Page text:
Terms like mum, dad, mother, father and even breastfeeding are no longer allowed in two UK hospitals after Australian University researchers suggested these words are not gender-inclusive.
These words are being replaced by more gender-inclusive terms with the Australia National University (ANU) suggesting more hospitals and birthing centres should adopt these terms.
New gender-inclusive terms in birthing centres
What terms are we meant to be using then? Here are their suggestions:
- For mum or mother: “gestational” or “birthing parent”
- For dad or father: “non-gestational” or “non-birthing parent”
- Other options for dad include: “second biological parent”, “non-birthing parent” or “co-parent”
- For mother’s milk: “human milk” or “chest milk” (eeewww)
- For breastfeeding: “chestfeeding”
- Instead of maternity care department: “perinatal services”
I’m sorry, CHESTFEEDING? CHEST MILK. What circle of hell is this? Where’s Ashton and his Punk’d team or that Stranger Things kid who does that new prank show? Surely this is some sort of early April Fools joke?
But, alas, it’s not.
According to the Australian National University Gender Institute’s Gender-Inclusive Handbook,
This non-gendered language is particularly important in clinical or abstract academic discussions of childbirth and parenthood, both to recognise the identities of students in the class, and to model inclusive behaviour for students entering clinical practice.”
I am all for inclusively, but isn’t this a bit much? What about the gendered parents who like being known as Mum and Dad?
I don’t wanna be known as a chestfeeding gestational parent. I wanna be a breastfeeding mummy, dammit.
Not official terms, yet
According to an ANU spokesperson, the guide is not official policy but suggestions on how staff should be trained.
This is a guide produced by a research institute that, among its many areas of focus, examines how to improve gender equity and inclusiveness in our society,” the spokesperson told 7NEWS.com.au.
“This document is not an official ANU policy, process or official prescription to staff and students.”
The public have spoken
While many hospitals are still mulling over the suggestions, the Brighton and Sussex University Hospital NHS Trust introduced the measures earlier this month.
Plenty of supporters have come forward, praising the handbook guidelines.
Campaign group TransActual tweeted: “This is fantastic, well done. Let’s hope many more trusts follow suit. Everybody deserves to be treated with dignity and respect.”
However, plenty of others have suggested the whole thing is unnecessary and disrespectful to the mothers who are doing the hard work – the birthing and breastfeeding.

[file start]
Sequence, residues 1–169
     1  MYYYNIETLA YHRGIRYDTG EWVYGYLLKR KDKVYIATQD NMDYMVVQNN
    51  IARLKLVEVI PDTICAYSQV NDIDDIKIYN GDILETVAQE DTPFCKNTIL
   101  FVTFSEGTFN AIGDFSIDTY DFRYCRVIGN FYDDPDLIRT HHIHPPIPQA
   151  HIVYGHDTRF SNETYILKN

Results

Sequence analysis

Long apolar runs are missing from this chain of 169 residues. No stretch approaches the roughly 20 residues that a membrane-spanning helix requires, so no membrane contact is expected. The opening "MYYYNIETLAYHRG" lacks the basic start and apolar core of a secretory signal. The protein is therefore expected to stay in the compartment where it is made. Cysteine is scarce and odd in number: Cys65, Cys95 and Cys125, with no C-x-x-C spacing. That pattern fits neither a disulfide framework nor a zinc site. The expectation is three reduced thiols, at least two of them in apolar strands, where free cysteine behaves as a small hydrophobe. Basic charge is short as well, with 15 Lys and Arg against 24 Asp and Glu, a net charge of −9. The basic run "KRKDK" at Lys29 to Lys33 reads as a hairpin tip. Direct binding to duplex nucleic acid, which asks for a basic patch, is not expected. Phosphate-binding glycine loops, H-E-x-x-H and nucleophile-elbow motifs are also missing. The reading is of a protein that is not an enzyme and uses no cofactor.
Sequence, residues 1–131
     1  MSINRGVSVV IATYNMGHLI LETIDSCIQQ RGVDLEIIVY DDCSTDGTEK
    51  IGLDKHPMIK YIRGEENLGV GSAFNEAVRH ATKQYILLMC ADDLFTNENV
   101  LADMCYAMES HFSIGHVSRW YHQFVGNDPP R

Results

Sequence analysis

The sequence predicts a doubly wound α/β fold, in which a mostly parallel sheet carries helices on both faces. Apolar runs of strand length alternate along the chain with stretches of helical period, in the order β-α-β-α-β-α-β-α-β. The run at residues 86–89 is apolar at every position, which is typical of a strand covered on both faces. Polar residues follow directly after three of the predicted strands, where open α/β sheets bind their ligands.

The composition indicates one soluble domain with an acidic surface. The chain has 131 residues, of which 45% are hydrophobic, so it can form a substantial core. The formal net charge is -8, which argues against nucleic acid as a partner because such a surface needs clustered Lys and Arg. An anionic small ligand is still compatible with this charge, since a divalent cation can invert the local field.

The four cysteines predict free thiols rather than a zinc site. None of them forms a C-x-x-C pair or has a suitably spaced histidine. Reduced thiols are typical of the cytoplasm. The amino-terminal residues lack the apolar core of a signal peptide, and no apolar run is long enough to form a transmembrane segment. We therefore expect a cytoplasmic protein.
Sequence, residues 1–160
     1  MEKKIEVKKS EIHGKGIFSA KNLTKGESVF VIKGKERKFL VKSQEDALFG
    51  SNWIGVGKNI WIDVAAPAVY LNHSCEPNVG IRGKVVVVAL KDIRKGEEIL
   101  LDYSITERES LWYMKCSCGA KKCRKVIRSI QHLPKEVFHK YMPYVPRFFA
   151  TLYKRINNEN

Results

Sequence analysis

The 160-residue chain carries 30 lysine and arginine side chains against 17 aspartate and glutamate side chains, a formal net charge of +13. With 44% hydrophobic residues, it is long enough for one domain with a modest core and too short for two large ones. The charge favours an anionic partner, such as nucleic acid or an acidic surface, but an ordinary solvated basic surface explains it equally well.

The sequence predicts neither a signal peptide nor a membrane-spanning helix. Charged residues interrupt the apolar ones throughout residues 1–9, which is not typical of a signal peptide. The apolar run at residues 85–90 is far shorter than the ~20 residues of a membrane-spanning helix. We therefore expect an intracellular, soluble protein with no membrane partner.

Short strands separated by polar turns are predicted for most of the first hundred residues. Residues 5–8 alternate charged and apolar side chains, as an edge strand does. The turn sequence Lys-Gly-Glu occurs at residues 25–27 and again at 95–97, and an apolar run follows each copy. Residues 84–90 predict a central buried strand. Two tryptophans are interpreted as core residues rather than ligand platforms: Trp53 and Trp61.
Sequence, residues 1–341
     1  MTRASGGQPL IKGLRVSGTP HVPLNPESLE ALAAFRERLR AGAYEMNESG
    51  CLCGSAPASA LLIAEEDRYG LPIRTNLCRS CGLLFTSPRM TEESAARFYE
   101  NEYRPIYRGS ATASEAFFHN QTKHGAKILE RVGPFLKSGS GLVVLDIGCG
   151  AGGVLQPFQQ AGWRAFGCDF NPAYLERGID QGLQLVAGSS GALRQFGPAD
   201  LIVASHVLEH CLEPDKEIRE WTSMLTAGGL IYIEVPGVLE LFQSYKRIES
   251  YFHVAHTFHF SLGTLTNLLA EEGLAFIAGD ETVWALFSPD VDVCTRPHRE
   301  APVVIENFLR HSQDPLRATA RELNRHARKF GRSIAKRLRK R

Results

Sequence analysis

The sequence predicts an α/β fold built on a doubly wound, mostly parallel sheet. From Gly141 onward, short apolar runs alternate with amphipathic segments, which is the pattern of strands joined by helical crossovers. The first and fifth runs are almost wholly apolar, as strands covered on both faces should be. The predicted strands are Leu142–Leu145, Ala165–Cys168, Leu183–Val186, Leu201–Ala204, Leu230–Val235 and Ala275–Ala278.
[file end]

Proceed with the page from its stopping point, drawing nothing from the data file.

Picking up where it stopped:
“I’m sorry but I’m more than just a birthing parent. I’m a mum and that’s how I’d like to be referred to,” one mother wrote.
Don’t mums deserve to be called by a title they are proud of, not something so generic such as “gestational parent”? I mean, this isn’t a study – it’s one of the most important moments of a woman’s life.
And, on that note, if we’re changing things around, maybe we need to look at a few other birthing terms too that aren’t up to the new code.
A few more new terms to consider
We decided to create our own birthing terms, because, if you wanna play ball, let’s play ball properly!
From now on, I’d like my vagina to be known as the Birth Blossom. That’s a bit prettier. Nevermind the whole horror show going on down there.
Crowning will no longer be called crowning, because that sounds a bit too masculine. Now it will be called Sprouting.
I know contraction isn’t really gender-exclusive but I simply don’t like the name. It’s not fierce enough. So let’s change it to Death Adder Uterus Hug. Sound good?
And Midwife isn’t too gender neutral either. So now she or he will be referred to as MidHuman or perhaps Birth Jockey.
I don’t like the term “non-birthing partner” for the father of the child being born. So, during childbirth, my husband will be referred to as The Dickhead Who Did This To Me. I may switch it a bit during birth though, so be warned. He may also be known as AssHat. Or possible just this term — %^*& – The AssHat formally known as Dad.
An anesthesiologist also sounds a bit too girly for me. So the person with the needle with now be known as What Took You So F-ing Long, Drug Lord.
Now, onto the breastfeeding thing. I’m not using chestfeeding as that’s as inaccurate as they get. Ain’t no newborn of mine sucks on my chest. So we shall refer to it as Nipple Suckling. Is everyone happy with Nipple Suckling?
I suppose we should also address the whole “expressing” term. Shall we refer to it as Human milk extraction? Chestpump lifts? Squeeze and give me 10ml!
And no more labour ward either. Cause Ward is a boy’s name. From now on, we will be birthing in the Labour Jungle.
Because this whole thing is f-ing bananas.